I have a fairly distinct scar on my right heel. If you look carefully, you can almost make out two solid rings and a couple of scrawled letters. I've had this scar on my heel since I was 5 or 6, and like pretty much everything else in my life, I have a story to go with it. If I've told you this story...well, stop reading, I guess!
When I was five or six, my chore in the house was to dust things. I hated dusting. Still do. But that was my job. Over the years I managed to bring down my mother's wrath on me because I was not good at this job...nor did I care.
I would break things when I dusted ("WHY CAN'T WE HAVE NICE THINGS?") or I would miss things completely. (This once led to a very long Saturday afternoon where I was supposed to dust my father's office. My mother came down to inspect and all she said was, "You missed a spot." After about five inspections with the same result I started dusting the walls. She never did tell me what I missed. She did, however yell, "IF YOU WOULD DO THE JOB RIGHT THE FIRST TIME I WOULDN'T HAVE TO KEEP COMING DOWN HERE." I had the nerve to point out that she wouldn't have to keep coming down there if she would just tell me what I missed. I didn't get to watch Johnny Gage on "Emergency!" that night.)
One Saturday, bored with my usual dusting tasks, and noting that my very tall father was dusting the top of the fridge, I asked if I could. Mom must not have been in the immediate area, because he strayed from his chore list and lifted me onto the narrow counter between the fridge and the stove, and let me dust the top of the fridge. I loved it. (I was an idiot.) I loved the view from above. i loved dusting something that was filthy even I recognized the need for dusting. I love how I could swirl the thick, gray dust into piles and make it look like pictures. I loved that it actually looked like I'd done something when I was done.
The next day, just home from church and still in my Sunday Best, which involved those awful white nylon anklet socks. I hated those socks. They didn't keep your feet warm. They didn't stay up, when they got wet they felt yucky, and if your foot was the tiniest bit wet when you put it on, it would tear, bringing down the wrath of Mother. (WHY CAN'T YOU BE MORE CAREFUL WITH YOUR CLOTHES?)
My mother put Sunday dinner on the stove. There was a roast in the pressure cooker on one electric burner and a pot of potatoes boiling in the kettle on the burner nearest the narrow counter. She then went into the living room to play piano. (This is what she has done her entire life, and why, even as an adult, I cannot eat boiled potatoes. She scorched potatoes so completely once she had to through out the kettle.)
With Mother playing piano, Father in his office downstairs, (probably. Dad taught the upper grades and was the principal of a small parochial school. Frankly, he was probably at school.) I decided to dust the top of the fridge again. I was good at it, I liked to do it, and I had no video games or computer to take up my time. (Pong wasn't even invented yet and computers the size of Sherman Tanks were just making their way onto college campuses.)
With no one to lift me onto the counter, I can't recall if I dragged a chair over or if I hoisted myself up. I think I hoisted myself up because dragging a chair would have caught the attention of my mother. Up on the counter, I again dusted with great attention to detail. I was so impressed with my work, I took a step backward to admire what I'd done.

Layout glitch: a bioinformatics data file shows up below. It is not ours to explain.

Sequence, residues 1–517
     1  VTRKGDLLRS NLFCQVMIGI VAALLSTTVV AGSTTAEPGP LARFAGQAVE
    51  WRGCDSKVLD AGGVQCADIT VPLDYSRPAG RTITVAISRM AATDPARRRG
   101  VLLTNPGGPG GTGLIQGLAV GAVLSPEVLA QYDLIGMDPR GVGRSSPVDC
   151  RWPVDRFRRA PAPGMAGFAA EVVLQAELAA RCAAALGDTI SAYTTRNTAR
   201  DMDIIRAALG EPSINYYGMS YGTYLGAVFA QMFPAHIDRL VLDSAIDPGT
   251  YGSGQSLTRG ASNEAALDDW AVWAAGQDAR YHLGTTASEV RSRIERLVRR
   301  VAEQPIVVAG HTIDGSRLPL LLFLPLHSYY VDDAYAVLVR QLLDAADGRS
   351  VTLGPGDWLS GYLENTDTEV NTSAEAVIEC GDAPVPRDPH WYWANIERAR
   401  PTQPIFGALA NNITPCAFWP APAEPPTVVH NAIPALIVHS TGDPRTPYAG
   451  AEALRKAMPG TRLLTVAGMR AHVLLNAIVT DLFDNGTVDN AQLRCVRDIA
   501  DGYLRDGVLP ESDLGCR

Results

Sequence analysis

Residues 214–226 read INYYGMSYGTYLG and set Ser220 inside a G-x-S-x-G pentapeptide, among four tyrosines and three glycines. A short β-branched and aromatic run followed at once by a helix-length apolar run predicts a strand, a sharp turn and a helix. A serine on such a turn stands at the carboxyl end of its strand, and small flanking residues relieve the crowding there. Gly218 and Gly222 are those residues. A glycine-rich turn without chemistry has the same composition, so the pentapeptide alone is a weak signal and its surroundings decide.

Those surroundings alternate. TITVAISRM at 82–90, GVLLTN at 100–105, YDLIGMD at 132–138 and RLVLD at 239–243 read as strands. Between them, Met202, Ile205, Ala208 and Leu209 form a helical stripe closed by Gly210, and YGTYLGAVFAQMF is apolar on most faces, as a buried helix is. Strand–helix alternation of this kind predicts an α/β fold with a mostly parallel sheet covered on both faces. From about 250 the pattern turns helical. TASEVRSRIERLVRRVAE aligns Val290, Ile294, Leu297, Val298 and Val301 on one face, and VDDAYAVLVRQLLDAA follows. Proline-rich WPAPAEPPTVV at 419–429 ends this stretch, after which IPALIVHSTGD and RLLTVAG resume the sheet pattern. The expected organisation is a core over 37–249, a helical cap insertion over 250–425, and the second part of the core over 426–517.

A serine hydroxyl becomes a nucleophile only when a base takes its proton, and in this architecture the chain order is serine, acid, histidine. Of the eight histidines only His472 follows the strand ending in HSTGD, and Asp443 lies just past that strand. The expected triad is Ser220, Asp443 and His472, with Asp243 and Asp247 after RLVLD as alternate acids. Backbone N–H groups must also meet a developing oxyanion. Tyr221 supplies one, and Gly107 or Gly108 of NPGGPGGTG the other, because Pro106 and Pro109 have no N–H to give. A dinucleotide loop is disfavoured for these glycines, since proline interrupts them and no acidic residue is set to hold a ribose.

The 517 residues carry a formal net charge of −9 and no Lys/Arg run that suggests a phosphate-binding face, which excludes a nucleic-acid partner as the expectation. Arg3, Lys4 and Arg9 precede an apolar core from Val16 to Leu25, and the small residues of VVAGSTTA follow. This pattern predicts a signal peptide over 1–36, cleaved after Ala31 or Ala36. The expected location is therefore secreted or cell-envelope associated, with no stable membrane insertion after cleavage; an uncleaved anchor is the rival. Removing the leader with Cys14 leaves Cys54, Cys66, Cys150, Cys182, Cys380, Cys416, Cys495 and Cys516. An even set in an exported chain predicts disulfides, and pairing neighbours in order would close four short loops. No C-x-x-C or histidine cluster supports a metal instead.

The next thing I recall is hitting the floor a split second before the kettle of potatoes did. It's all a blur after that. My mother carried me to the bathroom and stuck my right foot in a sink full of cold water. (Looking back, I had to wonder why she didn't use the kitchen sink. She got on the phone (we had one of those phone cords that stretched to the neighbor's house.) and called the pastor's wife, who was a nurse. Mrs. Birner (her real name, I'm not making it up) came over and looked at my foot.
You could, if you looked closely, see the General Electric logo on my right heel. My sock, that hateful nylon sock, melted around the burned in, branded, if you will, logo like a charred frame. I remember crying...a lot, and my foot swelling and turning a color red you probably don't see in human skin.
I wore my fuzzy pink princess slipper to school for weeks. I couldn't get my foot in a normal shoe.
This might be why I don't boil potatoes or dust. I don't know.
But today I'm telling you this because I've been thinking about how I seem soft and weak to the culture in which I live. This is a culture where we worship the strong, the young. And the strongest, let's say NFL players, have been lately proving their strength by getting "branded."
If you're not familiar with the look or practice of human branding, it's pretty much what you think it is. The end result looks like a raised scar.
|You think that's tough?|
I did that to my foot when I was 5.
I don't think of my scar often, but when I did recently, I realized that it was the same thing as the branding these guys do to themselves.
After asking myself, "Why would anyone want to do that?" I then had to say, "Yeah well, that's not a sign of being tough. Show me something tough that I didn't do when I was 5."
So I figure I'm just as tough as any NFL player. Sure, I can't run, catch, throw, or tackle, but I got branded, just like them.
And to further the argument, I have two words: Child Birth.
For those of you wondering about my New Year's resolutions, I am back on the vitamin train. I'm taking the gummies now, and so far my "itch that dare not speak its name" has not come back. Also, I am getting to Gold's 2x at least a week. The Wii thing may develop into some sort of at home exercise, like actually plugging in the treadmill I have in the basement.